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Hongbing Chen, Yin Sun, Chengyu Wu, Clara E Magyar, Xinmin Li, Liang Cheng, Jorge L Yao, Steven Shen, Adeboye O Osunkoya, Chaozhao Liang, and Jiaoti Huang

Small cell neuroendocrine carcinoma (SCNC) of the prostate is a variant form of prostate cancer that occurs de novo or as a recurrent tumor in patients who received hormonal therapy for prostatic adenocarcinoma. It is composed of pure neuroendocrine (NE) tumor cells, but unlike the scattered NE cells in benign prostate and adenocarcinoma that are quiescent, the NE cells in SCNC are highly proliferative and aggressive, causing death in months. In this study, we provide evidence that interleukin 8 (IL8)–CXCR2–P53 (TP53) signaling pathway keeps the NE cells of benign prostate and adenocarcinoma in a quiescent state normally. While P53 appears to be wild-type in the NE cells of benign prostate and adenocarcinoma, immunohistochemical studies show that the majority of the NE tumor cells in SCNC are positive for nuclear p53, suggesting that the p53 is mutated. This observation is confirmed by sequencing of genomic DNA showing p53 mutation in five of seven cases of SCNC. Our results support the hypothesis that p53 mutation leads to inactivation of the IL8–CXCR2–p53 signaling pathway, resulting in the loss of an important growth inhibitory mechanism and the hyper-proliferation of NE cells in SCNC. Therefore, we have identified potential cells of origin and a molecular target for prostatic SCNC that are very different from those of conventional adenocarcinoma, which explains SCNC's distinct biology and the clinical observation that it does not respond to hormonal therapy targeting androgen receptor signaling, which produces short-term therapeutic effects in nearly all patients with prostatic adenocarcinoma.

Open access

Yuet-Kin Leung, Hung-Ming Lam, Shulin Wu, Dan Song, Linda Levin, Liang Cheng, Chin-Lee Wu, and Shuk-Mei Ho

Estrogens play a pivotal role in the development and progression of prostate cancer (PCa). Their actions are mediated by estrogen receptors (ERs), particularly ERβ in the prostate epithelium. With the discovery of ERβ isoforms, data from previous studies that focused principally on the wild-type ERβ (ERβ1) may not be adequate in explaining the still controversial role of ERβ(s) in prostate carcinogenesis. In this study, using newly generated isoform-specific antibodies, immunohistochemistry (IHC) was performed on a tumor microarray comprised of 144 specimens. IHC results were correlated with pathological and clinical follow-up data to delineate the distinct roles of ERβ1, ERβ2, and ERβ5 in PCa. ERβ2 was commonly found in the cytoplasm and was the most abundant isoform followed by ERβ1 localized predominantly in the nucleus, and ERβ5 was primarily located in the cytoplasm. Logistic regression analyses demonstrated that nuclear ERβ2 (nERβ2) is an independent prognostic marker for prostate specific antigen (PSA) failure and postoperative metastasis (POM). In a Kaplan–Meier analysis, the combined expression of both nERβ2 and cytoplasmic ERβ5 identified a group of patients with the shortest POM-free survival. Cox proportional hazard models revealed that nERβ2 predicted shorter time to POM. In concordance with IHC data, stable, ectopic expression of ERβ2 or ERβ5 enhanced PCa cell invasiveness but only PCa cells expressing ERβ5 exhibited augmented cell migration. This is the first study to uncover a metastasis-promoting role of ERβ2 and ERβ5 in PCa, and show that the two isoforms, singularly and conjointly, have prognostic values for PCa progression. These findings may aid future clinical management of PCa.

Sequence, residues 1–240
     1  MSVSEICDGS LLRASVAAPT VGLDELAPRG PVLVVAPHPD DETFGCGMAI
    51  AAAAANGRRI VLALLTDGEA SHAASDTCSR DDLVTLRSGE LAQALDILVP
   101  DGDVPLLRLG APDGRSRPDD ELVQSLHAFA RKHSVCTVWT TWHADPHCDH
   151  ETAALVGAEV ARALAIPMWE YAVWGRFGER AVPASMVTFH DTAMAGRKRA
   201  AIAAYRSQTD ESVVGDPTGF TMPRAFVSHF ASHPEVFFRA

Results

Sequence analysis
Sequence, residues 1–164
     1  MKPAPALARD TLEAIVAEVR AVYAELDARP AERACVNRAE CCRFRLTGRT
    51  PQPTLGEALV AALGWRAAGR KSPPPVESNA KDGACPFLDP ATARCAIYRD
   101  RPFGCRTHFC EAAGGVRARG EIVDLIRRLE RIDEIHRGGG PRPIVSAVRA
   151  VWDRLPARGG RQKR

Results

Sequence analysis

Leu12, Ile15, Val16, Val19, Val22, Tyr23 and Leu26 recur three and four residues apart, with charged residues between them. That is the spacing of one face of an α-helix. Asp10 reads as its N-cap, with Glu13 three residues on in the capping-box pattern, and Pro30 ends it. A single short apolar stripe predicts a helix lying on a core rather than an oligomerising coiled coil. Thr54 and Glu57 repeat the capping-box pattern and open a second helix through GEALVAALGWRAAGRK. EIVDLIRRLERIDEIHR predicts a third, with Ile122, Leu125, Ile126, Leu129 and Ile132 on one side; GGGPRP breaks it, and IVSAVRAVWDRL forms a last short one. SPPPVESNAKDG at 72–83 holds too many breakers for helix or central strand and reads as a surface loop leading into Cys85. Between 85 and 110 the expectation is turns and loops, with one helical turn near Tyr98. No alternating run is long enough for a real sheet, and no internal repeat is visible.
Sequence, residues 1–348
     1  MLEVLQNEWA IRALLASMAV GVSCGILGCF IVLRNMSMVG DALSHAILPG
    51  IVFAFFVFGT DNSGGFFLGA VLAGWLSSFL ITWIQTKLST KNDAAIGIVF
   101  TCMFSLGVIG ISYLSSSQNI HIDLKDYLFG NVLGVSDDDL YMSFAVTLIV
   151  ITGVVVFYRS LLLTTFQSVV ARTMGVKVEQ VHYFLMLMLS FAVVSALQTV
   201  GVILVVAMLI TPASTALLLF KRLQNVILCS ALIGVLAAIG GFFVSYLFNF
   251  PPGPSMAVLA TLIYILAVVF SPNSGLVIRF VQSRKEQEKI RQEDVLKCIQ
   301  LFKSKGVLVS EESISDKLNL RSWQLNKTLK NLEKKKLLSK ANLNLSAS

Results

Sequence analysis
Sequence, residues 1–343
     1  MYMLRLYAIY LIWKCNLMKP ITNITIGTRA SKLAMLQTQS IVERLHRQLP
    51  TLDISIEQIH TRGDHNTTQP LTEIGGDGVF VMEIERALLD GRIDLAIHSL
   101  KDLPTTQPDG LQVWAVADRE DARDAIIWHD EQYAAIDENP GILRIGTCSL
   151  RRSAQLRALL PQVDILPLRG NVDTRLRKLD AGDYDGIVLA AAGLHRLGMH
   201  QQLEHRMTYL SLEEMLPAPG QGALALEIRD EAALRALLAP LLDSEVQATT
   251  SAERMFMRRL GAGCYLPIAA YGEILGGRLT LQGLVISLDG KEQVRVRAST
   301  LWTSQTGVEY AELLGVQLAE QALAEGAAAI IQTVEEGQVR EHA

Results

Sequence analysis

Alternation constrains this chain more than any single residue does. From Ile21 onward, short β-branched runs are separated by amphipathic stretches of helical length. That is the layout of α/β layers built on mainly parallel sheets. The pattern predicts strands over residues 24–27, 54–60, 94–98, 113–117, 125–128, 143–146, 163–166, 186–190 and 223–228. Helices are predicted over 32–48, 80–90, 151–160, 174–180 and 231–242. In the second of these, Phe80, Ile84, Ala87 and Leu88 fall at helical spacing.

Free access

Shih-Ping Cheng, Chien-Liang Liu, Ming-Jen Chen, Ming-Nan Chien, Ching-Hsiang Leung, Chi-Hsin Lin, Yi-Chiung Hsu, and Jie-Jen Lee

CD74, the invariant chain of major histocompatibility complex class II, is also a receptor for macrophage migration inhibitory factor (MIF). CD74 and MIF have been associated with tumor progression and metastasis in hematologic and solid tumors. In this study, we found that 60 and 65% of papillary thyroid cancers were positive for CD74 and MIF immunohistochemical staining respectively. Anaplastic thyroid cancer was negative for MIF, but mostly positive for CD74 expression. Normal thyroid tissue and follicular adenomas were negative for CD74 expression. CD74 expression in papillary thyroid cancer was associated with larger tumor size (P=0.043), extrathyroidal invasion (P=0.021), advanced TNM stage (P=0.006), and higher MACIS score (P=0.026). No clinicopathological parameter was associated with MIF expression. Treatment with anti-CD74 antibody in thyroid cancer cells inhibited cell growth, colony formation, cell migration and invasion, and vascular endothelial growth factor secretion. In contrast, treatment with recombinant MIF induced an increase in cell invasion. Anti-CD74 treatment reduced AKT phosphorylation and stimulated AMPK activation. Our findings suggest that CD74 overexpression in thyroid cancer is associated with advanced tumor stage and may serve as a therapeutic target.